Dragon DRF70391 Dragon Expo 2005 Exclusive #2: German Panzer Gunner, 5. Kompanie/II.Abteilung, "Johann Huber" (1:6 Scale)
"The German soldier is to be tough as leather, fleet as a greyhound, and hard as Krupp steel."
- Adolf Hitler discussing the creation of the new German soldat
Dragon Hobby Expo 2005 Exclusive #2: Panzer gunner "Johann Huber" of 5. Kompanie/II.Abteilung, Panzer Regiment 25, 7.Panzer-Division, serving on the Eastern Front from 1944-45. Note: This item has been signed by Johann Huber. Now in stock!
Height: 12 inches
Historical Account: "Remember Me, Always" - At the age of 20, Johann Huber joined the Wehrmacht in 1944 as a Reserve Offizier Bewerber (Reserve Officer Candidate), reporting for basic training in Bamberg with the 4.Kompanie / PzAufklAbt 7 (Reconnaissance Battalion) of Panzer-Regiment 25. Having worked as a civilian at the military contractor Krauss-Maffei AG in Munich on the PzKpfw VK 901 and VK 1801, Huber had initially hoped to join the Panzertruppe upon his enlistment, but in true military bureaucratic style, was assigned instead to a Kradschutzenkompanie (Motorcycle Company).
Still setting his sights on the
Panzertruppe, Huber sought permission for transfer and after much effort and paperwork was reassigned to 1.Kompanie/PzRegt 25 - a Panzer unit - and then to 3.Kompanie/ROB-Lehrgang. Upon completion of his training he was assigned to 5.Kompanie of the 25th Panzer Regiment's II.Abteilung in Rothenburg, and on October 5th embarked with his unit for the Eastern Front with the rank of ROB-Gefreiter.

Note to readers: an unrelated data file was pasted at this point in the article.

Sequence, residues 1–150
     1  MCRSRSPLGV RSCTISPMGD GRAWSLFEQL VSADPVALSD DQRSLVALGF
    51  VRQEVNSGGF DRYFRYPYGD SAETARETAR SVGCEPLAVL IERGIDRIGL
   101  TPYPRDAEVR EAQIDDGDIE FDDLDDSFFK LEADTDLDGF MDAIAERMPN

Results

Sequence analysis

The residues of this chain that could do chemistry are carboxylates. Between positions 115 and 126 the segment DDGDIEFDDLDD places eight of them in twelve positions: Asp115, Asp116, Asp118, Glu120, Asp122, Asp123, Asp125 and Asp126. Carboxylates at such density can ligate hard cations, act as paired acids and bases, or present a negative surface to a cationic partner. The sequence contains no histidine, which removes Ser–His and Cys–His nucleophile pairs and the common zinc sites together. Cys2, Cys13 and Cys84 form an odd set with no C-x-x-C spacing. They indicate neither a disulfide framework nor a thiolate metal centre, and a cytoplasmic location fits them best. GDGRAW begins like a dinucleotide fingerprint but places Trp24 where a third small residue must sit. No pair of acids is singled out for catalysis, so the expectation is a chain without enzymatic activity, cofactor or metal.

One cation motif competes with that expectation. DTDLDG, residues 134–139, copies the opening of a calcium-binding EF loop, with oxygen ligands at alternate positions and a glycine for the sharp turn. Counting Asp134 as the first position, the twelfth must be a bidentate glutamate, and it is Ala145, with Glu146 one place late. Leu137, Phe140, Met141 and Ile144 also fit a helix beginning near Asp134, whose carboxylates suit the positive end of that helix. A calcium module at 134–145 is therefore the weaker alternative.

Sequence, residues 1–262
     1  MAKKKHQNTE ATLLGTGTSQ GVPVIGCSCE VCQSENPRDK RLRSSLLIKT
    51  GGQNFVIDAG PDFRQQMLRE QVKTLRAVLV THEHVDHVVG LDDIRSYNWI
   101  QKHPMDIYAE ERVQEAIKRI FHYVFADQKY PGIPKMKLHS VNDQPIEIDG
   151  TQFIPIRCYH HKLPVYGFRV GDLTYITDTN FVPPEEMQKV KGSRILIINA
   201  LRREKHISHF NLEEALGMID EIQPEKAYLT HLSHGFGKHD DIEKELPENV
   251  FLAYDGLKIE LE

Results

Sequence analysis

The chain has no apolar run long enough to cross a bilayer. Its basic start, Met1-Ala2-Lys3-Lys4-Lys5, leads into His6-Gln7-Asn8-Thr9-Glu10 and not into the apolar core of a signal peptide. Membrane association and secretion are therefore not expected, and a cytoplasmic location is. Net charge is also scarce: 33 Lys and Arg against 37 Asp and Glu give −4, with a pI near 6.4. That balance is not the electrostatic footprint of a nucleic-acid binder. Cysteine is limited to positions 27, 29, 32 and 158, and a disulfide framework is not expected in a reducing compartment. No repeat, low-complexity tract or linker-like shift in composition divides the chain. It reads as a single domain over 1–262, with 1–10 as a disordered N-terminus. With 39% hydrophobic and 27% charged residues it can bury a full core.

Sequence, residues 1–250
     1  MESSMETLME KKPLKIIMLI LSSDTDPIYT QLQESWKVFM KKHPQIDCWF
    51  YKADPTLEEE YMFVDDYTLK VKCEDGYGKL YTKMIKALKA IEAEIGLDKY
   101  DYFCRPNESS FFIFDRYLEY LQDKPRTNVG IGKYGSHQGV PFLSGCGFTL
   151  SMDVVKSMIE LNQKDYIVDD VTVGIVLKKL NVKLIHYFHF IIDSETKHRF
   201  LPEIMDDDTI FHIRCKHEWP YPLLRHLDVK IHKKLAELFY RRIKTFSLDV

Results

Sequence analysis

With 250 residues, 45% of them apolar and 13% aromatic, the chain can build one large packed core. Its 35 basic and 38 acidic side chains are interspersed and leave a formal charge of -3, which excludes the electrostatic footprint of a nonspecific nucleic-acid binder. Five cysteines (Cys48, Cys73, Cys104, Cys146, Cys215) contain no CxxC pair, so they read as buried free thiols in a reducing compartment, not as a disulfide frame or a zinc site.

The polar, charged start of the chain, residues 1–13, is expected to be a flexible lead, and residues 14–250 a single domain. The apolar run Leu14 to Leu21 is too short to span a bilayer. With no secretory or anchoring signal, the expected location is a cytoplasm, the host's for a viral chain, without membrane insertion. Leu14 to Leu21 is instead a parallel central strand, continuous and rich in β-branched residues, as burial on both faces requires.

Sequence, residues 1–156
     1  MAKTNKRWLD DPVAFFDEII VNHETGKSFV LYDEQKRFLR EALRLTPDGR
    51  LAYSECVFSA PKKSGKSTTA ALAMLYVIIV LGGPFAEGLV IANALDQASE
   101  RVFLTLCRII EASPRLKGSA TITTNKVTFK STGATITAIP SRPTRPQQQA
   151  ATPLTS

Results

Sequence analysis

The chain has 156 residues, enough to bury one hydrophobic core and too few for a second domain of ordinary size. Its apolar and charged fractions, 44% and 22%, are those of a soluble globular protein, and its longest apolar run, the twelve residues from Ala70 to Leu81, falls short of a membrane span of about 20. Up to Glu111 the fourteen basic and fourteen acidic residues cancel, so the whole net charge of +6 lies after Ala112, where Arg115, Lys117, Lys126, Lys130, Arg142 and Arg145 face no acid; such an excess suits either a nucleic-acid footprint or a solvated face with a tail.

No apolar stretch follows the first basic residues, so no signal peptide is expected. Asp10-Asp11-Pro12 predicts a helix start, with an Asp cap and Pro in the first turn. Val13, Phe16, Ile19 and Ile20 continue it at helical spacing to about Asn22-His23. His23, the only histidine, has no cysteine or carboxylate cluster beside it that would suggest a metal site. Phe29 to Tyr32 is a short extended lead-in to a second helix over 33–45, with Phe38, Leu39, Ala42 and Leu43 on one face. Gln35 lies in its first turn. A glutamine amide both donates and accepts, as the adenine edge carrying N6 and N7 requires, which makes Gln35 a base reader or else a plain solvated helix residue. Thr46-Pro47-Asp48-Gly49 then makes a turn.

Huber's combat experience began in earnest after joining the 7.Panzer-Division at Kurland in October 1944. Serving originally as a loader and then as gunner in the PzKpfw IV Ausf. J and the Leicht PzJgr 39/IV (L70) armored vehicles, Huber earned the
Panzerkampfabzeichen 'Silber' badge, the Panzerkampfabzeichen 'Silber 25', and the Eisernes Kreuz II (Iron Cross) medal. He, along with the rest of the 25th Panzer Regiment, fought the Russians at Kurland, East Prussia, Memel, Weichsel, Danzig, Oxhafter Kampe, Waren, Penzlin, and Mecklenburg. In May 1945, Huber fought with the remnants of the 7.Panzer-Division in the final battles against tanks of the Soviet Red Army before Germany's capitulation. At surrender, Huber was interned by the British Army as a POW in Hagenow-Land near Friedrichsmoor.
After the war, Huber retained his interest in the military and became a knowledgeable and respected adviser to senior commanders of the current German Bundeswehr, particularly in the specialties of Infantry and Mechanized Infantry. He is the author of the book
"So War Es Wirklich" ("How It Really Was"), which chronicles his wartime experiences and career.